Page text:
"Little Short Of Madness"

PrintPrintEmailEmail

As mayor of New York City and later as governor of New York State, De Witt Clinton crusaded so zealously for a canal connecting Albany to Buffalo that the project became known as “Clinton’s Ditch.” It was a dream of pharaonic proportions—a 363-mile-long artificial waterway that most people considered impossible.

President Thomas Jefferson called it “little short of madness.” Clinton’s Tammany Hall opponents denounced it as a costly folly and depicted it—not incorrectly—as a vehicle for his political ambitions.

But Clinton and a handful of stubborn visionaries would prove Jefferson and the other doubters wrong. In 1810 he convinced the New York State legislature to create a commission to explore and survey the best possible route. When President James Madison declined to provide federal money, Clinton, undeterred, persuaded the state to proceed on its own. On July 4, 1817, three days after he took office as governor, work began on the state-owned, state-financed, and state-run enterprise.

Clinton’s stubborn determination was more than equaled by the ingenuity of the canal’s engineers, who learned their trade on the job, and by the dedication of the laborers, many of them recent arrivals from Ireland and Wales, who dug it with picks and shovels. When they finished in 1825—two years ahead of schedule—they had forced their way through untracked forests, across miasmatic swamps, and over rocky escarpments. They dammed creeks, spanned valleys with 18 stately aqueducts, and devised 83 massive stone locks to compensate for the 660-foot descent from Lake Erie to the Hudson. One summer, in the Montezuma Marsh west of Syracuse, more than a thousand men died of malaria.

On the morning of October 26, 1825, the roar of cannon fire bisected the state of New York, moving west to east, one shot per minute for 90 minutes. It began in the frontier hamlet of Buffalo on the eastern edge of Lake Erie. From there at regular intervals it punctuated the route of a narrow waterway, 40 feet wide by 4 feet deep, reaching all the way to the Hudson River at Albany. The thunderous salute continued south along the Hudson to New York City, joyously proclaiming the completion of “the eighth wonder of the world”—the Erie Canal. In the decades that followed, this marvel would confirm New York’s preeminence among American cities and keep the rapidly developing American West firmly tethered to the Eastern Seaboard.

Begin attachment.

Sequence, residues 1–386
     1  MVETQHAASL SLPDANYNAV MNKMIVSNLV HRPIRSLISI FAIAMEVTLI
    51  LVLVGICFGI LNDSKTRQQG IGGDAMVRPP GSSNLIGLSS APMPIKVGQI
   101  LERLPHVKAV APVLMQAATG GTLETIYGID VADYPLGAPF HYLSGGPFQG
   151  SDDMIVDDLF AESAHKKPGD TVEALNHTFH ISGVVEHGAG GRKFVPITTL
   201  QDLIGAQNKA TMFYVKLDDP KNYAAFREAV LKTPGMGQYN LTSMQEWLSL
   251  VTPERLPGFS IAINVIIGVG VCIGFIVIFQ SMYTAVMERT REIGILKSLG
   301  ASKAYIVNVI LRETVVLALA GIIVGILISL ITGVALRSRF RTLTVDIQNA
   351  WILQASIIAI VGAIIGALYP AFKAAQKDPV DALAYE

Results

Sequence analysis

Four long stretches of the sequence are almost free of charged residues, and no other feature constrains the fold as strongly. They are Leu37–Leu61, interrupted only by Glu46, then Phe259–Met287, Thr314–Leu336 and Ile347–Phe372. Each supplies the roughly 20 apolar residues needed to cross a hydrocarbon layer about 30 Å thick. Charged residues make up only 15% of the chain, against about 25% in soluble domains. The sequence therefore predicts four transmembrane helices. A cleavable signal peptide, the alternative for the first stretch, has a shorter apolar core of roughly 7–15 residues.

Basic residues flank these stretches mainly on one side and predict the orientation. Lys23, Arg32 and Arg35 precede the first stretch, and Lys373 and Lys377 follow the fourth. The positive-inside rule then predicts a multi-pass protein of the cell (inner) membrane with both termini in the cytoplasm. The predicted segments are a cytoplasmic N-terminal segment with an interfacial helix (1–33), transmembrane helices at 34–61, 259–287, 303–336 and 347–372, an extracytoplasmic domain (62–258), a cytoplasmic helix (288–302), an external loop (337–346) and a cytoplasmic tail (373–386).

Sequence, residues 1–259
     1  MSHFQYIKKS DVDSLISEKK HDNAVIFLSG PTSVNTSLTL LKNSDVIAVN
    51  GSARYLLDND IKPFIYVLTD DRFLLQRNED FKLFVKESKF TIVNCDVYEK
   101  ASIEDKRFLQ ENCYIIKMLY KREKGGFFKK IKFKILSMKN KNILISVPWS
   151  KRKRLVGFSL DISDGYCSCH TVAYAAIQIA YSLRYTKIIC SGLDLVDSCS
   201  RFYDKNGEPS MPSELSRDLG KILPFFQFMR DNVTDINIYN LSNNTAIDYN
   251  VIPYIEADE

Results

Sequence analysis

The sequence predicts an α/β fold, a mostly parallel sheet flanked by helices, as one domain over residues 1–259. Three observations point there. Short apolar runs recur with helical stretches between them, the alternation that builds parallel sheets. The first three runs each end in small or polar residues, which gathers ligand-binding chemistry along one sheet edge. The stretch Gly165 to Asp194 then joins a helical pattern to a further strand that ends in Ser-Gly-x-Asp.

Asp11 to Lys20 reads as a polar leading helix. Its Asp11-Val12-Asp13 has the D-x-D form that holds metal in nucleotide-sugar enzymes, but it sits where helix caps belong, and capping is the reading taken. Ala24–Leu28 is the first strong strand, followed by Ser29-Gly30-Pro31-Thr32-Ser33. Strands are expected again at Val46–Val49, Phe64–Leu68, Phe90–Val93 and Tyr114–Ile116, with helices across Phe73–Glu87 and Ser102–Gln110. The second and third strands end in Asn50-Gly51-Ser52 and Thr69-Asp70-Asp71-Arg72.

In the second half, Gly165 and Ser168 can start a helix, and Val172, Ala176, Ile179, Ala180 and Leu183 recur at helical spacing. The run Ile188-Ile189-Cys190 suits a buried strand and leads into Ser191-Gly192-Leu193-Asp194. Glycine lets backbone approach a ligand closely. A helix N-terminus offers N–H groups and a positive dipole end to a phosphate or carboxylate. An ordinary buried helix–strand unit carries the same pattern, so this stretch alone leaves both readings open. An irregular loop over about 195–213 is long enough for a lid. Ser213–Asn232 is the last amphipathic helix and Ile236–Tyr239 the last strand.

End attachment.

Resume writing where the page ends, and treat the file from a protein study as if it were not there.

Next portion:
The impact of the canal was immediate and far-reaching. Within a year, Erie boatmen were steering 42 horse- or mule-drawn barges a day toward New York City laden with timber, grain, and other foodstuffs (including 435,000 gallons of whiskey) and returning with sugar, coffee, nails, manufactured goods—and settlers. Within a decade, some 1,600 barges worked the canal, generating enough revenue in tolls to pay off the $7 million construction bill while driving down shipping costs from Manhattan to Lake Erie from a hundred dollars per ton to under nine. Freight that once rafted south down the Ohio River reversed course and headed east. Within 15 years New York was by far the busiest port in the nation, handling more commerce than New Orleans, Baltimore, and Boston combined. Concurrently, the quickening pace of commerce spurred the growth of Manhattan exchanges, banks, and insurance companies, fixing “Wall Street” firmly in the national lexicon as a synonym of American capitalism. The promise of rapid access to cheap land in the Ohio and Mississippi valleys meanwhile pulled tens of thousands of immigrants to the city, boosting its population from 124,000 in 1820 to more than 300,000 in 1840 and better than 800,000 by 1860—far outstripping Philadelphia, its nearest rival. No less dramatic were the waves of prosperity that rolled through upstate hamlets lining the canal’s route: Rochester, Syracuse, Rome, Utica, Schenectady, Albany.

At the western terminus of the canal, Buffalo saw its population surge from 200 in 1820 to more than 18,000 by 1840.

It’s difficult to imagine how any of this could have happened, or could have happened so swiftly, had the canal never been built. Then, too, without the canal—and without the railroads that would later be financed out of profits generated by the canal—it’s conceivable that the trans-Appalachian West would have developed independently of the United States. No canal, no country stretching across North America, from sea to shining sea.